The name Samsung was once synonymous with Chromebooks. The company released the first commercial Chrome OS device in 2011 and eventually followed it up with the laptop that introduced much of the world to the Chrome computing concept -- 2012's $249 Samsung Chromebook.
Since then, though, Samsung has stayed curiously quiet within the Chrome OS realm. 2013 brought us several new Chromebook contenders from a variety of manufacturers, but we heard nary a peep from the company that helped start it all.
Today, the silence ends. Samsung is about to get back in the game with a massive update to its Chromebook, the Samsung Chromebook 2. I got a sneak peek at the goods in advance of today's announcement, and let me tell you: These new systems promise to give the current crop of Chromebooks a serious run for their money.
Ladies and gentlemen: The Samsung Chromebook 2
The Samsung Chromebook 2 actually comes in two different models: one with an 11.6-in. display, like its predecessor, and one that packs a larger 13.3-in. screen. Both models will go on sale sometime in April; the 11-in. system will cost $320 while the 13-in. device will run $400.
Displays and overall size aside, the two Chromebook 2 models are pretty similar. Both sport refreshed designs that follow the faux-leather look used on the Galaxy Note 3. The 11-in. model will be available in "Jet Black" or "Classic White" colors, while the 13-in. device will come only in "Luminous Titan Gray" for now. (Hey, at least it's luminous.)
Under the hood, both models use Samsung Exynos Octa 5 processors with 4GB of RAM (the 11-in. model is clocked at 1.9GHz while the 13-in. is at 2.1GHz). Sound a little unusual? It is: The Exynos Octa 5 is an ARM-based chip -- the same type of chip typically used in smartphones and tablets. That's the sort of setup most Chromebooks used to use, but the majority of the newer models have shifted to Haswell-based architectures instead.
While Haswell chips are generally considered to be more power-efficient than their ARM-based cousins, stamina doesn't appear to be a cause for concern with Samsung's new offerings: The 11-in. Chromebook 2 promises a full 8 hours of battery life per charge while the larger 13-in. model is listed for 8.5 hours.
Another interesting distinction: Samsung's Chromebook 2 devices use eMMC-based iNAND embedded flash drives -- the type of memory we typically see in smartphones and tablets -- instead of regular solid-state drives, which are used in most Chromebooks these days. We'll have to wait to see if that has any impact on the products' performance. (Both devices have 16GB of local space available.)
About those displays: The 11-in. Chromebook 2 uses the standard 1366-x-768 resolution seen in most Chromebook devices, including the previous-gen Samsung Chromebook model. The 13-in. Chromebook 2, however, steps things up with a 1920-x-1080 "full HD" display -- a welcome bump from the bare minimum we've come to expect on non-Pixel-level machines. That said, Samsung has confirmed to me that both models use TN panels as opposed to higher-quality IPS displays (which is still par for the course with Chromebooks, with the Pixel and the HP Chromebook 11 being the only exceptions).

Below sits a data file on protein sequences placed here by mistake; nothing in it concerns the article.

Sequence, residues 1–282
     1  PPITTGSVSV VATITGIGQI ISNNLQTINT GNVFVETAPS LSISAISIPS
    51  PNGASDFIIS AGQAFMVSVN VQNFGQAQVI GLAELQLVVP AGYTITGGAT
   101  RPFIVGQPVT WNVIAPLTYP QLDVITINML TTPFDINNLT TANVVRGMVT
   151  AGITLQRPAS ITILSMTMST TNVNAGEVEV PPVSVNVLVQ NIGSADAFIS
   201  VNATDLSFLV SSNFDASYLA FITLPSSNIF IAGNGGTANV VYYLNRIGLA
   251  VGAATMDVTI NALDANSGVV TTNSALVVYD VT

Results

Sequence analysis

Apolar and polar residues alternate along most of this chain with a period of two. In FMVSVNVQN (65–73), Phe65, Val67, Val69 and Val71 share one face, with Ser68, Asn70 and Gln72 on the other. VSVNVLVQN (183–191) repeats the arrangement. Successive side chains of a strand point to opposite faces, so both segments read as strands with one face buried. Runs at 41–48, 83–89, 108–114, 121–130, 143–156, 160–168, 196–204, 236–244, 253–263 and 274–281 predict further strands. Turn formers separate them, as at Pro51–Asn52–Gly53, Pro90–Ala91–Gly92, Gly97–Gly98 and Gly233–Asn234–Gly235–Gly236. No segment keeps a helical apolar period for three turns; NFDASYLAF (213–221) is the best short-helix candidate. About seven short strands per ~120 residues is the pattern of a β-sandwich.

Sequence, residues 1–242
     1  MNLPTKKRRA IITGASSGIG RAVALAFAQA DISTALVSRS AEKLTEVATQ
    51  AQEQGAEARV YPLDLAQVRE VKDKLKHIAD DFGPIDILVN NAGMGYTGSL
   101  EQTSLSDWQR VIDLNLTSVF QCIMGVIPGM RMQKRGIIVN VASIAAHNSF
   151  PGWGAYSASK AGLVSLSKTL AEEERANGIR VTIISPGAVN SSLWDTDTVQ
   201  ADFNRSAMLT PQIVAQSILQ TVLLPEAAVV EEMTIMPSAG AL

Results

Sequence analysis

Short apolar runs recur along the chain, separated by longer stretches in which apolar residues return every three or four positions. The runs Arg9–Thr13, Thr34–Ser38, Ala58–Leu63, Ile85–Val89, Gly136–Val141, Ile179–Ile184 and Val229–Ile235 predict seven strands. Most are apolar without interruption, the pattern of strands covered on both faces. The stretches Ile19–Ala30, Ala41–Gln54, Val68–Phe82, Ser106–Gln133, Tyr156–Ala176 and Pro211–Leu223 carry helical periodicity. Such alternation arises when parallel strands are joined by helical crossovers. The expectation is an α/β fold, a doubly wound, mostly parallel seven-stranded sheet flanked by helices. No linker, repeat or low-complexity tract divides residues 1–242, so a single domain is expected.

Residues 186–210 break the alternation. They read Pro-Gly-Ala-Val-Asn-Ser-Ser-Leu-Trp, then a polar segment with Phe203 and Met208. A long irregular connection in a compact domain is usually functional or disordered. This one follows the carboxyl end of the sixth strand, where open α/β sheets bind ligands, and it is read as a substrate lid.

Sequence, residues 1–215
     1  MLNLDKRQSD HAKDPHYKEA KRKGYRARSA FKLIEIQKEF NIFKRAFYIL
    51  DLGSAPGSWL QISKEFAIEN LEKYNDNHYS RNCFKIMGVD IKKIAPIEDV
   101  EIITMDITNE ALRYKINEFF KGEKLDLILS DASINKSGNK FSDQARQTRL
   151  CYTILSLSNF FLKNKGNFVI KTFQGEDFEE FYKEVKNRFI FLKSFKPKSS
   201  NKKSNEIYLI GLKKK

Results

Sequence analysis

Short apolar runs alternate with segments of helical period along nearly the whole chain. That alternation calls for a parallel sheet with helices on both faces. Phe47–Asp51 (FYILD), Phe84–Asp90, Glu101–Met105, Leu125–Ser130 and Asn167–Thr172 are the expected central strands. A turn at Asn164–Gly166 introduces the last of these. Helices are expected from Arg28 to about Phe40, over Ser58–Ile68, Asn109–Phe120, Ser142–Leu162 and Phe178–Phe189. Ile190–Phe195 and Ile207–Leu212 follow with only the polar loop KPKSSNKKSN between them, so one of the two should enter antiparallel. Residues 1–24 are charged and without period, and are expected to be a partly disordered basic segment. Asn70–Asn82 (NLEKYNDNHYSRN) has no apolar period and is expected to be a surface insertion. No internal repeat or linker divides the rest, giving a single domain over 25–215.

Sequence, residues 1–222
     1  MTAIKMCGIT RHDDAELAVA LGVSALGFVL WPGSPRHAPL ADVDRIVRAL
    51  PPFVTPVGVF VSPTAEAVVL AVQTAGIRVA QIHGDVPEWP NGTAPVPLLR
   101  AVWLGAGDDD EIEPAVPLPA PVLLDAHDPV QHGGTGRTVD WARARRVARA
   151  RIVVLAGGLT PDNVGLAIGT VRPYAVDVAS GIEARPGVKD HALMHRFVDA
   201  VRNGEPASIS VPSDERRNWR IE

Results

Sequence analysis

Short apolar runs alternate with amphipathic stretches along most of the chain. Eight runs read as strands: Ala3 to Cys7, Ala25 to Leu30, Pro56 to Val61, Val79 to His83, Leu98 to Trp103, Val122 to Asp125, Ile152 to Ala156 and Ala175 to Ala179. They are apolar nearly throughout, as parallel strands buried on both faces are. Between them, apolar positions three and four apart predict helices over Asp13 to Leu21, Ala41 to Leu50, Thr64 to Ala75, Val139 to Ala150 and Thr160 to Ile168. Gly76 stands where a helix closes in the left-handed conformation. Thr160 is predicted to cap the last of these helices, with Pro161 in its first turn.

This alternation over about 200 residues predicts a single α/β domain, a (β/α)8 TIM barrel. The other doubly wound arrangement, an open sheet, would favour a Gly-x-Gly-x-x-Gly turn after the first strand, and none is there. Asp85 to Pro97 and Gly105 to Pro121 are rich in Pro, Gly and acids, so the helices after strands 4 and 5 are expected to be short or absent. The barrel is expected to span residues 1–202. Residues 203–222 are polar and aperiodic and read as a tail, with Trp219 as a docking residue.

In addition to their new external design, both Chromebook 2 systems sport updated Chrome OS keyboards with "curved key caps" and what Samsung describes as "enhanced" audio/speaker systems. Each computer has an HDMI port along with one USB 3.0 port, one USB 2.0 port and a micro-SD card slot. The 11-in. model weighs in at 2.43 lbs. -- about the same as the previous Samsung Chromebook -- while the 13-in. system is 3.09 lbs.
All Chromebook 2 systems ship with a "productivity software package" that includes three apps: an English-learning app for multilingual students called Little Bridge, a remote Android access utility called AirDroid Premium, and a to-do list utility called Wunderlist Pro. Samsung says the package is "valued at more than $100," but aside from being preloaded, it's not entirely clear what separates those apps from the free equivalents you could install yourself from Google's Chrome Web Store.
Samsung is putting a lot of emphasis on education-based use for its new Chromebooks, which is no surprise as the company has evidently seen a lot of success with its current Chromebook in schools. The devices will be launching simultaneously for education, enterprise, and consumer sales, though, so they should be pretty easy to find.
Samsung tells me it'll keep selling its current $249 Chromebook through the end of 2014, too, though with the large variety of more current models available in that same price range, I'm not sure why anyone would want to consider that device at this point.
The new Chromebook 2 systems, on the other hand, look to be strong contenders. Stay tuned: I'll be spending some time living with the laptops soon and will bring you a full real-world review once we're closer to their April launch.